Actually, regarding this very point...

One of the outcomes of Jangle is that I'd like to create a registry
(like, say, a SKOS vocabulary) that defines an identifier for an
agreed upon record format.  You point out that conneg doesn't work for
Atom or RSS payloads, but it wouldn't work, anyway.  What accept
header would you use for marcxml, mods or dc?

SRU has baked this in as part of the spec, but there's no reason we
can't adopt a convention for OpenSearch using the atom:link tag and
URIs that correspond to the above in the rel attribute.

The example I used in Jangle looked like:

<link rel=""
href="" />

The part is just a placeholder, of course, I don't care
what the URIs really look like.

What you have, though, is a URI for the kind of relationship between
the thing you have and another representation (in this case,
conforming to Atom semantics, but it could be something more
sophisticated, if there was a need) followed by the expected file
format identifier (in this case, in the straw man, I'm using the
dublin core namespace as the identifier).

This way there doesn't have to be any agreement as to how an
implementation needs to accept an argument to a particular metadata
format, just a convention on how to advertise it.


On Tue, Jun 24, 2008 at 3:04 PM, Godmar Back <[log in to unmask]> wrote:
> I too find this decision intriguing, and I'm wondering about its wider
> implications on the use of RSS/Atom as a container format inside and
> outside the context of OpenSearch as it relates to library systems.
> I note that an OpenSearch description does not allow you to specify
> type of the items contained within a RSS or Atom feed being
> advertised. As such, it's impossible to advertise multiple output
> formats within a single OpenSearchDescription (specifically, you can
> only have 1 <Url> element with 'type="application/rss+xml"').
> Therefore, clients consuming OpenSearch must be prepared to interpret
> the record types correctly, but cannot learn from the server a priori
> what those are.
> My guess would be that OCLC is shooting for OpenSearch consumers that
> expect RSS/Atom feeds and that have some generic knowledge on how to
> process items that contain, for instance, HTML; but at the same time
> are unprepared to handle MARCXML or other metadata formats. Examples
> may include Google Reader or the A9 metasearch engine.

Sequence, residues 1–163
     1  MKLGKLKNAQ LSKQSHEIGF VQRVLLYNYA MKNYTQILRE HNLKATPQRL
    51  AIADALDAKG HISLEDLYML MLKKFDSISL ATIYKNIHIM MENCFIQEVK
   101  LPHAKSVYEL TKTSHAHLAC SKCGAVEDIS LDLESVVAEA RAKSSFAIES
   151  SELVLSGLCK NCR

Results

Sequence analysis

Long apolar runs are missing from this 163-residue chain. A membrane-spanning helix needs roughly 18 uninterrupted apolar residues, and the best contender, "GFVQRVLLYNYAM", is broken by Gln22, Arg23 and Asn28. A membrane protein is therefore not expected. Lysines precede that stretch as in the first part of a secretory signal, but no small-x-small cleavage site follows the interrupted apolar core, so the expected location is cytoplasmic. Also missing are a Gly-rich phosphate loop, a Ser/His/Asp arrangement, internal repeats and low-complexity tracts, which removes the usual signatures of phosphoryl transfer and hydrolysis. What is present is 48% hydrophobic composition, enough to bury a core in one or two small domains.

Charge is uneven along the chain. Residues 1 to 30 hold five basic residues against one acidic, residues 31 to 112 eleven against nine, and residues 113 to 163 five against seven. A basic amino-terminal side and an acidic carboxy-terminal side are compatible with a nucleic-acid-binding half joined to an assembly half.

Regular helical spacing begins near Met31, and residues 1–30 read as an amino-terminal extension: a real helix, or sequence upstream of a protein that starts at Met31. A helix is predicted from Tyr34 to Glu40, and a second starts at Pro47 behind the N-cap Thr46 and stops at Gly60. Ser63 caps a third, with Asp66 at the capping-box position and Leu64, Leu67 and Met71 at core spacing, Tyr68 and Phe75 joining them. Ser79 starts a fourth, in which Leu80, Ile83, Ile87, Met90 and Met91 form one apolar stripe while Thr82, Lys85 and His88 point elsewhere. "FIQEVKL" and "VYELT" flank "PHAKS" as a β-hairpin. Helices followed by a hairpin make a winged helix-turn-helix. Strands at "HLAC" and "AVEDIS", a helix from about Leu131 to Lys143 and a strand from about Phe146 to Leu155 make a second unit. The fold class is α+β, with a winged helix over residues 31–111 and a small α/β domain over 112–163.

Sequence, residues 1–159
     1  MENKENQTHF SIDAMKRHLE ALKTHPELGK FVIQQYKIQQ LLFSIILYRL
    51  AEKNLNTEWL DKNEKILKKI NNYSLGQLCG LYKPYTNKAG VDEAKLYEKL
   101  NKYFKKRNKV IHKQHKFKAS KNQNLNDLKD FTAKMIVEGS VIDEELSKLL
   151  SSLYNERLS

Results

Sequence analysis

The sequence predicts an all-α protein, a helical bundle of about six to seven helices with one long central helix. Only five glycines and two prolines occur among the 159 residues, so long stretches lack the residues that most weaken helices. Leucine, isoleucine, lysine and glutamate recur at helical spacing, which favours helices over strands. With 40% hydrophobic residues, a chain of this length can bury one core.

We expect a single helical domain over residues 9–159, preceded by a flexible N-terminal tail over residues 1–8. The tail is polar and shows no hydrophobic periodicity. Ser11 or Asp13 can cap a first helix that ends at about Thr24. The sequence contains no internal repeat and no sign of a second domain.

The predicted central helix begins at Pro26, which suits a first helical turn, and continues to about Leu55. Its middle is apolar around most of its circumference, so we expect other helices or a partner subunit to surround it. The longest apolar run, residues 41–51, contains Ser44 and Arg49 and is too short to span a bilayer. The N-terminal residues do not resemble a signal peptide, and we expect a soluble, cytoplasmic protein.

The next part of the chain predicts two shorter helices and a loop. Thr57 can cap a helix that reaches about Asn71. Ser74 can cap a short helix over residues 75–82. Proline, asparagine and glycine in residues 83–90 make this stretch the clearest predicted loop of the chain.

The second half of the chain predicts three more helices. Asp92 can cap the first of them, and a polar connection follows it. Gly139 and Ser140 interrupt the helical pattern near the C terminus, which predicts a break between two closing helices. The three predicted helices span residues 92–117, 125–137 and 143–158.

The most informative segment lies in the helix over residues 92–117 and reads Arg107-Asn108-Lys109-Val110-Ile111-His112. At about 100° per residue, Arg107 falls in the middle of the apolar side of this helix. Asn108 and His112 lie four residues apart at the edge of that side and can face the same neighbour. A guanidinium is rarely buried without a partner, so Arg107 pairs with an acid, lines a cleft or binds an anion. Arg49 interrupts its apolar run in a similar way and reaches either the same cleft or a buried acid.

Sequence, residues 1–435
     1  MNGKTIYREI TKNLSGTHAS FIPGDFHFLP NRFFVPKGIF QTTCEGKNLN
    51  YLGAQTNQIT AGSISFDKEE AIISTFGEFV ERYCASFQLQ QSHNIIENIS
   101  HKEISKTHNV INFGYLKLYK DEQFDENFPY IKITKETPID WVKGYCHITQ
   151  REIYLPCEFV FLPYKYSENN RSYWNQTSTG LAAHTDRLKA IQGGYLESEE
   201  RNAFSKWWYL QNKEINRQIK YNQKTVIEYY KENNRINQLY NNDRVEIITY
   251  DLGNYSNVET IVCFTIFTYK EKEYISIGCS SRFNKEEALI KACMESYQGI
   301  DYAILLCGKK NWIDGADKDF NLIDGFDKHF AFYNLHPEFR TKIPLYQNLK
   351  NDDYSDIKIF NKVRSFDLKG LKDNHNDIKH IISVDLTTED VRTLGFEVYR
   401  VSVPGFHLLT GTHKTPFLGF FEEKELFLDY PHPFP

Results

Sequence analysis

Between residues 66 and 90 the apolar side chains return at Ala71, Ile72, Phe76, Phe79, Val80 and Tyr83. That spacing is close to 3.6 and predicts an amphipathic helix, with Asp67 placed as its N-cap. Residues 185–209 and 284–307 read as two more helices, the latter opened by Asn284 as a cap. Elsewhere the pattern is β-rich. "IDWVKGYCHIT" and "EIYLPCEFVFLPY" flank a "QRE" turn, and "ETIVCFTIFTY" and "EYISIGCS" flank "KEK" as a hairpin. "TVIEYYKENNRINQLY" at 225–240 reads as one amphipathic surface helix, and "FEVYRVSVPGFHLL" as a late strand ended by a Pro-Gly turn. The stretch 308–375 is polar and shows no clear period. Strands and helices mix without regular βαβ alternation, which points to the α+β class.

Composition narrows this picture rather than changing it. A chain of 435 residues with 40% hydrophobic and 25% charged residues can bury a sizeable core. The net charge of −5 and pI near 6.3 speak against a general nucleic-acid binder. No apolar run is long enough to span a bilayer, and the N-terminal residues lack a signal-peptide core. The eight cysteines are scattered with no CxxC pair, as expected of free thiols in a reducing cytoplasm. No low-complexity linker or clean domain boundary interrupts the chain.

> The alternative, SRU, contains no expectation that items by processed
> by clients that are unaware of library metadata formats. In addition,
> its 'explain' verb allows clients to learn which metadata formats they
> can request.
> This may be reviving a discussion that an Internet search shows was
> very active in the community about 4 years ago, although 4 years
> later, I was unable to find out the outcome of this discussion, so it
> may be good to capture the current thinking.
> What client applications currently consume OpenSearch results vs. what
> client applications consume SRU results?
> I understand that a number of ILS vendors besides OCLC have already or
> are in the process of providing web services interfaces to their
> catalog; do they choose OpenSearch and/or SRU, or a heterogeneous mix
> in the way OCLC does. If they choose OpenSearch, do they use RSS or
> ATOM feeds to carry metadata records?
>  - Godmar
> On Tue, Jun 24, 2008 at 1:23 PM, Jonathan Rochkind <[log in to unmask]> wrote:
>> In general, is there a reason to have different metadata formats from SRU vs
>> OpenSearch? Is there a way to just have the same metadata formats available
>> for each? Or are the demands of each too different to just use the same
>> underlying infrastructure, such that it really does take more work to
>> include a metadata format as an OpenSearch option even if it's already been
>> included as an SRU option?
>> Personally, I'd like these alternate access methods to still have the same
>> metadata format options, if possible. And other options. Everything should
>> be as consistent as possible to avoid confusion.
>> Jonathan
>> Washburn,Bruce wrote:
>>> Godmar,
>>> I'm one of the developers working on the WorldCat API.  My take is that
>>> the API is evolving and adapting as we learn more about how it's
>>> expected to be used.  We haven't precluded the addition of more record
>>> metadata to OpenSearch responses; we opted not to implement it until we
>>> had more evidence of need.
>>> As you've noted, WorldCat API OpenSearch responses are currently limited
>>> to title and author information plus a formatted bibliographic citation,
>>> while more complete record metadata is available in DC or MARC XML in
>>> SRU responses. Until now we had not seen a strong push from the API
>>> early implementers for more record metadata in OpenSearch responses,
>>> based on direct feedback and actual use.  I can see how it could be a
>>> useful addition, though, so we'll look into it.
>>> Bruce
>> --
>> Jonathan Rochkind
>> Digital Services Software Engineer
>> The Sheridan Libraries
>> Johns Hopkins University
>> 410.516.8886 rochkind (at)